In 2014, one of the drives in the business-critical AlphaServer at Wheeler Manufacturing failed. This was not the first time a drive had failed, but it was the first time it had happened during business hours. Wheeler lost a day of production in addition to everything on the drive – and it took three or four days to receive the necessary support from HP.
Over the 15 years that Wheeler Manufacturing had been using the AlphaServer, it had proved itself to be a relatively reliable system. When it did have a problem, which was once every year or two, getting support quickly was a challenge. Wheeler is located in a remote part of South Dakota, and the support center serving their classic system was located 350 miles away. The risk of lost production time weighed heavily on the company.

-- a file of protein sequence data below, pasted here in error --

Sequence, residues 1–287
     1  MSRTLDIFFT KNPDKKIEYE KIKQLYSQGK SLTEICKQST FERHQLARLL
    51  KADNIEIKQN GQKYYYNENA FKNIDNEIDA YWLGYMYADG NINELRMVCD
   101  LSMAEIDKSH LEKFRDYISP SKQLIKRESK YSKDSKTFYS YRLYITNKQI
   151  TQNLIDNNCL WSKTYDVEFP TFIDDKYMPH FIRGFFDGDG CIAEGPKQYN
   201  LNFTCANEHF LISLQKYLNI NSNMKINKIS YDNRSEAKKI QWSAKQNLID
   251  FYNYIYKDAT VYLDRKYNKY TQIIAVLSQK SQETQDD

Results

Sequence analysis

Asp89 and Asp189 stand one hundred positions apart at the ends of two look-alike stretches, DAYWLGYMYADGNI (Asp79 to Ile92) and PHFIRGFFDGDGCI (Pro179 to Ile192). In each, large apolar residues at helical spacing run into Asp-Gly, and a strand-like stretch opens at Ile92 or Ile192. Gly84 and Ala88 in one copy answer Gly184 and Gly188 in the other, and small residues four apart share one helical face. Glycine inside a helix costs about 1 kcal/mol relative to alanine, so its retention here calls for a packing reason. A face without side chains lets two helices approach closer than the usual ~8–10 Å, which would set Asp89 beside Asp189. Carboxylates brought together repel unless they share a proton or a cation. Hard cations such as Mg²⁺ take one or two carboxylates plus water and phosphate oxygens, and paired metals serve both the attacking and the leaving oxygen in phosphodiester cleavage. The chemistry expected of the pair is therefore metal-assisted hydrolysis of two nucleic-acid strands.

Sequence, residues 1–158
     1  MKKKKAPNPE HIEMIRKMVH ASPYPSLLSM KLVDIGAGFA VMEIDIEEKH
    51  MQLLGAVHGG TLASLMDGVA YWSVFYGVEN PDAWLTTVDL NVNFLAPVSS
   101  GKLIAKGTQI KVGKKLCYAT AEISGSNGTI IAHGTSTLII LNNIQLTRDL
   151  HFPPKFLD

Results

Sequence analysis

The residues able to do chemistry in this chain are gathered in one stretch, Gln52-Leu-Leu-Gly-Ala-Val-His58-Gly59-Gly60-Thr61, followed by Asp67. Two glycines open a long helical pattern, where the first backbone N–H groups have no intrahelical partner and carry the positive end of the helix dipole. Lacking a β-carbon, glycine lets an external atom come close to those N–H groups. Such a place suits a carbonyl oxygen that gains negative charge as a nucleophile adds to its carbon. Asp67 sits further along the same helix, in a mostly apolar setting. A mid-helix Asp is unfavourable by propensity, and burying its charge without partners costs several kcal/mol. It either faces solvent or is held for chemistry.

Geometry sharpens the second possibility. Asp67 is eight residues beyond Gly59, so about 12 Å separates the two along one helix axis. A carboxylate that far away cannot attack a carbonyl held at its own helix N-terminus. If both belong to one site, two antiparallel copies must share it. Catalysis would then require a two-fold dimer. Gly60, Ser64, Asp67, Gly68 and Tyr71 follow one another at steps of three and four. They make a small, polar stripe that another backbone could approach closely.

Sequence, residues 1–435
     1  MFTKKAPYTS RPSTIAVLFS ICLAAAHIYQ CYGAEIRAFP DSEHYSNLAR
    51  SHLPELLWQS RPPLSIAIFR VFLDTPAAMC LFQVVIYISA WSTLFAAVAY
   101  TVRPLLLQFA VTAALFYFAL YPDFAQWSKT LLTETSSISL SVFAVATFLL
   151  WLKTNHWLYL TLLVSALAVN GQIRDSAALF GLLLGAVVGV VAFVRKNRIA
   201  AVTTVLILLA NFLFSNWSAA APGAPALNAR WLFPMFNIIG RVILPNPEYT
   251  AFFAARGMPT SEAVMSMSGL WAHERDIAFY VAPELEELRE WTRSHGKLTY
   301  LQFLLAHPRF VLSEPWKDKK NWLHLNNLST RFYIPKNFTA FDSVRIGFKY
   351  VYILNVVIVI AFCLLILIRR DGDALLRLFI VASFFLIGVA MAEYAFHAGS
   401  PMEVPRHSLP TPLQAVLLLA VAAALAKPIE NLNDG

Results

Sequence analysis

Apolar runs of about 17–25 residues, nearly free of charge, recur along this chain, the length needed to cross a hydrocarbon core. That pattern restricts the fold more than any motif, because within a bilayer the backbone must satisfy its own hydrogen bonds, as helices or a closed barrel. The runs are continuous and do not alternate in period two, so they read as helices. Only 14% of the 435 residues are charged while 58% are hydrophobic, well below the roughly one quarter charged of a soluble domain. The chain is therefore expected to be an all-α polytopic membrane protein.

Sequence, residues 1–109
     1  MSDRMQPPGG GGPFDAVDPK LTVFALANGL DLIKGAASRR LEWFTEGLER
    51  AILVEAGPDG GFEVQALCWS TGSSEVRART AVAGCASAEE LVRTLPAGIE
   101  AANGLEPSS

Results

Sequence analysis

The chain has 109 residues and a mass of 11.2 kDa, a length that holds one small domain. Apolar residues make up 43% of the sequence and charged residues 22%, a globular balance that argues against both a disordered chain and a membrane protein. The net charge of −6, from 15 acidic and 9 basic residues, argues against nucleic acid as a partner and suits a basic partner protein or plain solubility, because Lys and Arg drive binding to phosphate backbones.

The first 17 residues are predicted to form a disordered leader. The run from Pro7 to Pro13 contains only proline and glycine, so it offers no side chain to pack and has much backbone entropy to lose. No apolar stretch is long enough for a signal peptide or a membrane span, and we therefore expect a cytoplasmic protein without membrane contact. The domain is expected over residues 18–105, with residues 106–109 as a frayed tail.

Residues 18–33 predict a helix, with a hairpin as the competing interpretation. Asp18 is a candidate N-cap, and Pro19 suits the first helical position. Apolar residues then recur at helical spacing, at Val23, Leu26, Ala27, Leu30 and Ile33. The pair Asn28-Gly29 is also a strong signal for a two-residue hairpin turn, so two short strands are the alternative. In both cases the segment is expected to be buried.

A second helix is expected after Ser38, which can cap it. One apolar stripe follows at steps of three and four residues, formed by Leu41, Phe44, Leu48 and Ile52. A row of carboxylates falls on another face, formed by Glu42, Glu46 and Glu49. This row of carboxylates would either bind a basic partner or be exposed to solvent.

Wheeler Manufacturing had relied on classic systems from Digital Equipment Corporation (DEC) for decades, beginning with a PDP before moving to a MicroVAX, then to a VAX, and ultimately to an Alpha in 1999. The hardware ran business-critical applications that were customized for Wheeler and related to many aspects of the manufacturing process. They wanted to continue using these applications, but they needed to find a way to reduce risk and eliminate unwanted downtime...
When a business-critical AlphaServer failed at Wheeler Manufacturing, a search for hardware replacement ended with Alpha emulation.